It is important to note that neuromas in the foot are rarely tumors. The term neuroma is a bit of a misnomer because these often occur as a result from compression or repetitive trauma and not cancerous growth. Trauma between your toes? The anatomy of your foot puts the nerves underneath a tight ligament. Over time, improper foot alignment can cause this ligament to rub and irritate the nerve. Tight fitting shoes and/or high heels only exacerbate the compression and friction of the nerve against this ligament. This results in scarring and fibrous growths that provide further irritation compounding the problem. When these traumas continue to occur (such as in dancing in high heels), the nerve growth can become quite large. This seems to be what happened to Ms. Grey and thus the surgery to remove this growth. Because it is a sensory nerve, or strictly for ‘feeling', there will be no loss of muscle function. Typically, patients can begin walking immediately, albeit with a ‘surgical shoe', returning to normal foot wear in 4 to 6 weeks.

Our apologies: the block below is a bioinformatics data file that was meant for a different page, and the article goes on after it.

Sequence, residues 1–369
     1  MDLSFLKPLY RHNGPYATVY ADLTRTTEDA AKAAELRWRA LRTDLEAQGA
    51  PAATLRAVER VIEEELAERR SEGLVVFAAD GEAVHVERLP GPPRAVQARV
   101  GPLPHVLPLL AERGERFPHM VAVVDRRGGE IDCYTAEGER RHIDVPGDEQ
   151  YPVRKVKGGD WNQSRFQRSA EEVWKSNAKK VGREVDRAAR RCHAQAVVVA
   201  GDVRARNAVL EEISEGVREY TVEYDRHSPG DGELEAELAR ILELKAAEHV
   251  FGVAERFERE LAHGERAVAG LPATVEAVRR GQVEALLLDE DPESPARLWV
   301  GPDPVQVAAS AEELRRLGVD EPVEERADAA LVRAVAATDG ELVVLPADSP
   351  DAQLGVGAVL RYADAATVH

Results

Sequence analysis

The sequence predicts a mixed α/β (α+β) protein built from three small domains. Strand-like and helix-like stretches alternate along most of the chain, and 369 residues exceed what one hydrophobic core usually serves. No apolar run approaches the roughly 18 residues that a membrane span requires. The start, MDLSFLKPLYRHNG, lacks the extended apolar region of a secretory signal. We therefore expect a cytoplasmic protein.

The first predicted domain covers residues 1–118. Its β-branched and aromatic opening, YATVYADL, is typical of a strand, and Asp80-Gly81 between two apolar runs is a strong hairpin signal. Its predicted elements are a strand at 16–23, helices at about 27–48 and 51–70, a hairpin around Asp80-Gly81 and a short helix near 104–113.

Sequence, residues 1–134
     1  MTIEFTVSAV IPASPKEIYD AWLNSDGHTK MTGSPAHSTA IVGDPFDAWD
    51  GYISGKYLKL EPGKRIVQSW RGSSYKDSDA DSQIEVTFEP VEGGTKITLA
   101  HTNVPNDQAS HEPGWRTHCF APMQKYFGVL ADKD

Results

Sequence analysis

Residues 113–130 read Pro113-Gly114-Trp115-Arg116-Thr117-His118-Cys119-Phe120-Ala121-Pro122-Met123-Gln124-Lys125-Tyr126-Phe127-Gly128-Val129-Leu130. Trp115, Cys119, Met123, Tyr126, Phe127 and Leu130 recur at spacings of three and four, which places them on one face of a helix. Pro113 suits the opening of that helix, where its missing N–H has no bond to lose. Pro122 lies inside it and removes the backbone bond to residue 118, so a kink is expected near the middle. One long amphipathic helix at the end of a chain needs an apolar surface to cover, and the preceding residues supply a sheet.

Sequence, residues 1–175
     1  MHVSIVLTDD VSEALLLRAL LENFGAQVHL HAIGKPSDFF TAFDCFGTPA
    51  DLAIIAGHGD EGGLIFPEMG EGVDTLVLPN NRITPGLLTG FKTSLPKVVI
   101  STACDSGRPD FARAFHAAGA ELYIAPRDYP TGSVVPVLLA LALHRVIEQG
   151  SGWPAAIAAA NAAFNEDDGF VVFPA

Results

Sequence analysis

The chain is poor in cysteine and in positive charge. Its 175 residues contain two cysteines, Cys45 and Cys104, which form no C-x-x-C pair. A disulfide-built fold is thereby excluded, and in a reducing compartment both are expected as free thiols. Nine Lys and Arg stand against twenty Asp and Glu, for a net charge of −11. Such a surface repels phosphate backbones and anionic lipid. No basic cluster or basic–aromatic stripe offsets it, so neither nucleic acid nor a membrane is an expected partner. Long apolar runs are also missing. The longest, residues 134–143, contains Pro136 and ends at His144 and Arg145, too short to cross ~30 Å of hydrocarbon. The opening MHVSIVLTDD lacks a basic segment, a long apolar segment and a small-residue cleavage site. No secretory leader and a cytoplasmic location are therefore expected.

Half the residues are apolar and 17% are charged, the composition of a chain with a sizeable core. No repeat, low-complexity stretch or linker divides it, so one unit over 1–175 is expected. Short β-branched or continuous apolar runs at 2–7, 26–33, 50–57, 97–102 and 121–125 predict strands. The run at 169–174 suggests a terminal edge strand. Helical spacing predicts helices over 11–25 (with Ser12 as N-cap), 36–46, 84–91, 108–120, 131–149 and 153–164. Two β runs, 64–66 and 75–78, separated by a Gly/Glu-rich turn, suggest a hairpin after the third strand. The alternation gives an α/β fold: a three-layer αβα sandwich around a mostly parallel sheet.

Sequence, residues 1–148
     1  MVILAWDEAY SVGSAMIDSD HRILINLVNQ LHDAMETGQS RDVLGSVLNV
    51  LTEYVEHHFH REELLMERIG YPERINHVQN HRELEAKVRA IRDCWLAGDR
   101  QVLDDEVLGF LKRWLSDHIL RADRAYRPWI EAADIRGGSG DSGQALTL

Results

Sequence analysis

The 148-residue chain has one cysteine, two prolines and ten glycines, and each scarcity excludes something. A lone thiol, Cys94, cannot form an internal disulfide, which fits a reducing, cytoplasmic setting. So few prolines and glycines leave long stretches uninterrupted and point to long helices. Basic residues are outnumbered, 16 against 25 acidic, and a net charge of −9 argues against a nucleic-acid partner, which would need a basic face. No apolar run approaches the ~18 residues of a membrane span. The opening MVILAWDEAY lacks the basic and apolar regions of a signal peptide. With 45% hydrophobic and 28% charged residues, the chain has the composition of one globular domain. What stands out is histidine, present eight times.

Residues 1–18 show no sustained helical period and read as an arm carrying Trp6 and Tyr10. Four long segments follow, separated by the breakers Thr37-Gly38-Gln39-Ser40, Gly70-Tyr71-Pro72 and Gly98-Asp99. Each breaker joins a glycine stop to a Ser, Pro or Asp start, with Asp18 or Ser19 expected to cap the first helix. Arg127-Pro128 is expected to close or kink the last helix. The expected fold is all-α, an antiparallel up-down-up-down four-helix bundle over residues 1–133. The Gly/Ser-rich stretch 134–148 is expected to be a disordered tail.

Surgery to remove a neuroma is usually the last treatment tried. If you feel a burning or stabbing between your toes, you should make an appointment at Austin Foot and
Ankle Specialists today. Dr. Thomajan can use a variety of inserts, taping, padding and education to help relieve the painful symptoms before surgery becomes necessary. Take a look at the link to videos and more information on our homepage.
Until next time, keep those feet happy and healthy, Austin!